Laughing and crying. They’re two of our most personally revealing behaviors. Why? Because they let people around us know when we feel joy and when we feel pain.
What would happen if you lost the ability to control these behaviors? It might confuse people. It would almost certainly confuse you. Embarrassment. Hurt feelings.
Having that control is a critical part of how you experience emotions and how you communicate with other people. Losing that control happens with Pseduobulbar Affect (PBA), and it can be devastating.
PBA (also called emotional lability, labile affect, or emotional incontinence) is a neurologic disorder that is typically characterized by involuntary or uncontrollable episodes of crying or laughing. It’s referred to as a secondary disorder, because it’s caused by a primary neurological disease or injury.
In the video below, a man displays the uncontrollable laughter that can accompany one of these episodes.
Health Stories Project recently spoke with several people who have experienced PBA themselves or seen it in someone they care about: Multiple Sclerosis patients Diane and Jeff; Gloryann, whose husband suffered a stroke; and Barbara, who has PBA as a result of a traumatic brain injury.
Some people have lived with PBA most of their lives. Although she wasn’t diagnosed with Multiple Sclerosis (MS) until she was 41, Diane and her doctor traced many of her symptoms back to childhood. She recalls experiencing PBA intermittently as a teenager, usually uncontrollable crying, but the episodes didn’t start getting really bad until about three years ago.
“I can be out with friends, having a good time, and I just start crying,” she explains. For Diane, it’s important to let the people know about her condition and the symptoms so they don’t get the wrong impression.
“I’ve never hidden my MS from anybody close to me because I don’t want the stigma of them not knowing what’s going on with me.”
This is something that Jeff, a 52 year-old Ohio native, understands all too well.
“A friend of mine’s father passed away, who was also a fishing buddy of mine. When I went to give him my condolences at the funeral, I started laughing uncontrollably,” he recounts.
When Jeff later apologized to his friend and explained that it was a symptom of MS, which he was diagnosed with several years earlier, the friend assured him it was OK and that there were no hard feelings.
Unfortunately, he didn’t have the benefit of explaining his medical history to the rest of the mourners that day.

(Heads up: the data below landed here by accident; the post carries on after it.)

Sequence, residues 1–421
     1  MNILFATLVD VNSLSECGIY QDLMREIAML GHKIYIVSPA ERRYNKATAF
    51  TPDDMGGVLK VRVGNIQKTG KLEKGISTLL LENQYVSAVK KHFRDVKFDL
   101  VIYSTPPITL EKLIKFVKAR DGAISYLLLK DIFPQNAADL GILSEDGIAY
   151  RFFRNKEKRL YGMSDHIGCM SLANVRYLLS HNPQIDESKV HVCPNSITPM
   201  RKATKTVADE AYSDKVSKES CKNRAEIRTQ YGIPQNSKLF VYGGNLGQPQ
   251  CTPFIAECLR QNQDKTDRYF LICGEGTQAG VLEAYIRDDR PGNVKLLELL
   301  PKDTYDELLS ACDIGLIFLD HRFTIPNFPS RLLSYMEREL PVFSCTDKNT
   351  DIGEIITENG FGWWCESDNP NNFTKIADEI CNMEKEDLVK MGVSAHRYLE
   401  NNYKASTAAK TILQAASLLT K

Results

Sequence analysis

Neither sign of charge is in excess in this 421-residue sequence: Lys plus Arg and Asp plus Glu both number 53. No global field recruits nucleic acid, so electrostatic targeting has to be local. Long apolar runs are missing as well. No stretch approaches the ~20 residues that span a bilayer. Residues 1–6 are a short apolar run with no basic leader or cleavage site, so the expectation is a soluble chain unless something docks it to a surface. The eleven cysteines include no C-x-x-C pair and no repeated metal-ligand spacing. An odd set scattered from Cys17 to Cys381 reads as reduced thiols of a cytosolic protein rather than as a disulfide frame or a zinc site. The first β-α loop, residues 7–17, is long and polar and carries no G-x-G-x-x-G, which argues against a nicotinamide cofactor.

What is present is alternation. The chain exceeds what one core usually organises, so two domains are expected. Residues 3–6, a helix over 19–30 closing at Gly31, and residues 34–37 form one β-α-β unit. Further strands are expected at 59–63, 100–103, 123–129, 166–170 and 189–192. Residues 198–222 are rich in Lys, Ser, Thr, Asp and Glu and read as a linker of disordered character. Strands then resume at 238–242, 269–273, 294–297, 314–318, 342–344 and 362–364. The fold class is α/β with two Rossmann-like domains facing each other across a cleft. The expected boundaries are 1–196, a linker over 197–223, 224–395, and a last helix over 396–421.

“That’s why you just don’t judge people until you know them,” he says. “I’m sure there were people who were judging me at that funeral.”
Sometimes it’s not that the behavior is inappropriate for the situation – it’s that it seems completely out of character for the person themselves.
Gloryann’s husband has suffered three strokes over the last twenty years. She describes the man she’s known for much of their relationship:
“My husband is very stoic. I’ve never seen him cry, except at his own mother and father’s funerals, and even then he barely cried.”
That was before his most recent stroke, though. She goes on:
“We live in a small house and one day I heard this uncontrollable crying. I walked into the living room and he was watching the movie ‘My Dog Skip.’ I cry at movies but he was just sobbing.”
It turns out the movie reminded Gloryann’s husband of a situation their son had gone through with their family dog and that was enough to trigger the emotional outburst.
“Now he won’t even watch something on TV if he thinks it might make him cry,” she says. “He’s very afraid of being out of control of his emotions.”
Jeff knows exactly what that’s like. “I can’t watch a lot of TV shows,” he explains. “Even ‘Little House on the Prairie.’ If something sad happens, I’ll just start weeping uncontrollably.”
For others, a specific trigger isn’t necessary. Linda has been living with MS for twenty years, and PBA has simply become a part of her routine.
“I cry every day no matter what, and I still don’t get it,” she says. “Sometimes I’ll start crying over breakfast, just for a few minutes and I don’t know why. It usually passes in a minute though.”
Barbara, who experiences PBA as a result of a traumatic brain injury she suffered several years ago, talks about how the severity of her symptoms has changed and what helps her manage them.
“It has gotten better over time. It still hits me, but I have a happy thought that kind of pulls me out of the crying part. The laughing is not too bad.”
Whether or not her own symptoms actually improve, Diane takes comfort in the timeless adage “this too shall pass,” and encourages other to do the same. “Just hang in there,” she throws in for good measure.
As someone who loves a person affected by PBA, Gloryann has another phrase she relies on: he can’t help it.
“It seems very simple, but it gets to the point. He does things all the time that seem off and I just have to keep reminding myself,” she says.
So what do people living with pseudobulbar affect really want from the people around them? Linda sums it up nicely:
“I want people to have compassion for me, but I don’t want them to pity me or treat me differently.”
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